Factors associated with recovery expectations following vehicle collision: A population-based study
Dejan Ozegovic, Linda J. Carroll, J. David Cassidy
Objective: Positive expectations predict better outcomes for a variety of health conditions including recovery from whiplash-associated disorders, but we know little about which individuals have negative expectations, and therefore may be at risk for poor whiplash-associated disorders recovery.
Methods: We assessed expectations for global recovery in a population-based cohort of 6015 individuals with traffic-related whiplash-associated disorders. We used multinomial logistic regression analysis to model factors associated with expecting to recover slowly, or not recover at all, as opposed to expecting to recover quickly.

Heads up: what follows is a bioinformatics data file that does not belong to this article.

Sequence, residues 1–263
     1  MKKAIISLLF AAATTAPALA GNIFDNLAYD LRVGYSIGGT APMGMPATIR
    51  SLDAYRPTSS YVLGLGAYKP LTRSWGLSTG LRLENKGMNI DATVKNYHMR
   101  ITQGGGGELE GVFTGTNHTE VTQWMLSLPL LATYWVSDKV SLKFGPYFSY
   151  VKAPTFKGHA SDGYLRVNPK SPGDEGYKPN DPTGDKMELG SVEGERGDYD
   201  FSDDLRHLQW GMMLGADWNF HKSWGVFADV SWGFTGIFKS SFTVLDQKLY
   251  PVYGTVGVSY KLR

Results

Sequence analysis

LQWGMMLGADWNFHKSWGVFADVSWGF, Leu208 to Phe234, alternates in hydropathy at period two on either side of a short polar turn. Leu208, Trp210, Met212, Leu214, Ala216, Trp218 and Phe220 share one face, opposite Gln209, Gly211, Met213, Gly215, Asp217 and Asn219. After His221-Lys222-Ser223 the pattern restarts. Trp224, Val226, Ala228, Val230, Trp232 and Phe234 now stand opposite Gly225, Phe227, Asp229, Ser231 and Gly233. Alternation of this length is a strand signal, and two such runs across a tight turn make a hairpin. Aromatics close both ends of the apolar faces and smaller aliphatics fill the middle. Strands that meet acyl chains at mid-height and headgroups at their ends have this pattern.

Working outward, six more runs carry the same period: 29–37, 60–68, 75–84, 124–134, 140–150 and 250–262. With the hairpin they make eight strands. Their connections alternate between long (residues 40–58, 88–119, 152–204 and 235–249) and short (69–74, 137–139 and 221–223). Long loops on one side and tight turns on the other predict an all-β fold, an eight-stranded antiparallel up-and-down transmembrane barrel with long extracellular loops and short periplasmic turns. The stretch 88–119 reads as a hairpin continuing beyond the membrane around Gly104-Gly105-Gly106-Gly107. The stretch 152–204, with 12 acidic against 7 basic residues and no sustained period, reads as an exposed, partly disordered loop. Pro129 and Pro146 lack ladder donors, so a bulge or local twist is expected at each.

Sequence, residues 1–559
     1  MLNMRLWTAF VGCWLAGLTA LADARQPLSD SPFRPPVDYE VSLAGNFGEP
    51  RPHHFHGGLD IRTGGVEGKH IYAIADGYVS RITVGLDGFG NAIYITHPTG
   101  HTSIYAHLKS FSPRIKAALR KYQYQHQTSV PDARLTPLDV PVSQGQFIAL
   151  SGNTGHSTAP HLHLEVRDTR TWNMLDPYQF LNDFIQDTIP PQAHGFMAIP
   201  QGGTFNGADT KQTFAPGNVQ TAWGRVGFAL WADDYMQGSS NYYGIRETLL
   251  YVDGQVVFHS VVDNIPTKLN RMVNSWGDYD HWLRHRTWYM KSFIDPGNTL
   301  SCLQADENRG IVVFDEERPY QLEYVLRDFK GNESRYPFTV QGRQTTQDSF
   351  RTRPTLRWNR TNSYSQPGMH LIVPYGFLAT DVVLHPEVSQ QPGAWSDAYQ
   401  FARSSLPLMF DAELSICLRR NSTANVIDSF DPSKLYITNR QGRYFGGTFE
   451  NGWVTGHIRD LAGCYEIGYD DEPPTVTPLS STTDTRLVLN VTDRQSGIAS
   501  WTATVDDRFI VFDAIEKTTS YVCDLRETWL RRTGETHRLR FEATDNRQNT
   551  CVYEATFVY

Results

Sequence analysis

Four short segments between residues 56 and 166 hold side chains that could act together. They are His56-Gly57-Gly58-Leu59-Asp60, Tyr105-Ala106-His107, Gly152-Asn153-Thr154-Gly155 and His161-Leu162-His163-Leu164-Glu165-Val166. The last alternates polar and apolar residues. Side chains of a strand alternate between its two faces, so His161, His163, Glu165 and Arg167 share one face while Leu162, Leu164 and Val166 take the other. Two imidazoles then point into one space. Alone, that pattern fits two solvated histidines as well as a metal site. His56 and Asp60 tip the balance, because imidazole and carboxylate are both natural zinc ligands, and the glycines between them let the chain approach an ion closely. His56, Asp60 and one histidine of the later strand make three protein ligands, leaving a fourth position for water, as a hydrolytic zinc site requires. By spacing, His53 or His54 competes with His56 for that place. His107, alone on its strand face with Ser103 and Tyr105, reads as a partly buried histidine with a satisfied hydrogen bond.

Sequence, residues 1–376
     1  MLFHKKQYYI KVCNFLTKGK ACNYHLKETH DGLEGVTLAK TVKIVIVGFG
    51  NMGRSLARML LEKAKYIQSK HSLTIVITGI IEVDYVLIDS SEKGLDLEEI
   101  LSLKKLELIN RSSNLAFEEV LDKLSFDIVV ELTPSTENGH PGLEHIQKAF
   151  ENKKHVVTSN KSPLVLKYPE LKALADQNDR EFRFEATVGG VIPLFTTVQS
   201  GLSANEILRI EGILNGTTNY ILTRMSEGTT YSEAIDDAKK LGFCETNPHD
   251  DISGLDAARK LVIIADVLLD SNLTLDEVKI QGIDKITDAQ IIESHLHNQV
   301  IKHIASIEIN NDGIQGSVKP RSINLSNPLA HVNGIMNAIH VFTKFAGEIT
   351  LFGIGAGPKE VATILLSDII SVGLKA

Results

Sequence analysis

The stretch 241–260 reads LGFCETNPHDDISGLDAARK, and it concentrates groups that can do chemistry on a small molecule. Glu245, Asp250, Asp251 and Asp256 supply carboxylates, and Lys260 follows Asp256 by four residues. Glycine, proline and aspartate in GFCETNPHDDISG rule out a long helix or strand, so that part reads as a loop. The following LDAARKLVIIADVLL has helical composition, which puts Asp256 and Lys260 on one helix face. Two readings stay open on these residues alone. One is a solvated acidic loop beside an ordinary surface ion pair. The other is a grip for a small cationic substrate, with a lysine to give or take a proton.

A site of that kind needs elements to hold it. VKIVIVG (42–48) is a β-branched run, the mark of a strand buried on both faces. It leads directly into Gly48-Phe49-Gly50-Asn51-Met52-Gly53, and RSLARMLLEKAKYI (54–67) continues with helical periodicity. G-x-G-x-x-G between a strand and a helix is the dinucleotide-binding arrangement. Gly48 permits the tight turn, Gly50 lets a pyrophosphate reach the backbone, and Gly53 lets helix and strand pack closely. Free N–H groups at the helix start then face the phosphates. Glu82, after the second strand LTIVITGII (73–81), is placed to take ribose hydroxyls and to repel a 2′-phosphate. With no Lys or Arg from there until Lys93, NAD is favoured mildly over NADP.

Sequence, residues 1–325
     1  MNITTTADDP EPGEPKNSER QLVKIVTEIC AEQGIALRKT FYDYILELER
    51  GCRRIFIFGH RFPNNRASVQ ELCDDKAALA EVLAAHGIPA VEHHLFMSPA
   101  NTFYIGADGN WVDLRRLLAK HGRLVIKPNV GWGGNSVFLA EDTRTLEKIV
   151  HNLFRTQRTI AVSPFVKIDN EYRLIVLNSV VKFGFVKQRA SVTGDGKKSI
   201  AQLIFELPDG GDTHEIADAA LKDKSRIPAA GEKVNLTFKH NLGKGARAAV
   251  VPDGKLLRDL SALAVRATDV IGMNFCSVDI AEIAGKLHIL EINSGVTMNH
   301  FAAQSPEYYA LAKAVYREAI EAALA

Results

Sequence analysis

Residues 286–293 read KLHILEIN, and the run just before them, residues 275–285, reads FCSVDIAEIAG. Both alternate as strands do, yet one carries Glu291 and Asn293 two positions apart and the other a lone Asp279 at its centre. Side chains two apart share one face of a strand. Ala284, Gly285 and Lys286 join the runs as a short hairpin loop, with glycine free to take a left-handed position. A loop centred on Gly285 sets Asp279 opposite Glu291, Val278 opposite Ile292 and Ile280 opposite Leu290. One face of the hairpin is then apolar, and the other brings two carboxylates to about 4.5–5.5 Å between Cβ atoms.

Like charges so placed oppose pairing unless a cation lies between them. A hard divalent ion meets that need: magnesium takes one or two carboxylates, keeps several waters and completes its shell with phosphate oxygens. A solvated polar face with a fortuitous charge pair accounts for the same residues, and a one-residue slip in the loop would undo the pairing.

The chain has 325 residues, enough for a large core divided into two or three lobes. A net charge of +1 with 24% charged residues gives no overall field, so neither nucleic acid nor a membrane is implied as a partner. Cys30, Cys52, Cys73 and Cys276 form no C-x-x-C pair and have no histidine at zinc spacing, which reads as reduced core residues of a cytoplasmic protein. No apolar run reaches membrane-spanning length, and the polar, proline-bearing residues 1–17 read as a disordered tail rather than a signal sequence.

Results: Depressive symptomatology, lower education, lower income, male gender, younger age, being a passenger in the vehicle, history of neck pain, and greater initial pain (greater percentage of body in pain, greater intensity of neck pain and presence of low back and/or headache pain) were associated with poor expectations for recovery.
Conclusion: A number of demographic, socioeconomic and injury-related factors were associated with expectations for recovery in whiplash-associated disorders. Two of the strongest associated factors were depressive symptomatology and initial neck pain intensity. These results support
using a biopsychosocial approach to evaluate expectancies and their influence on important health outcomes.
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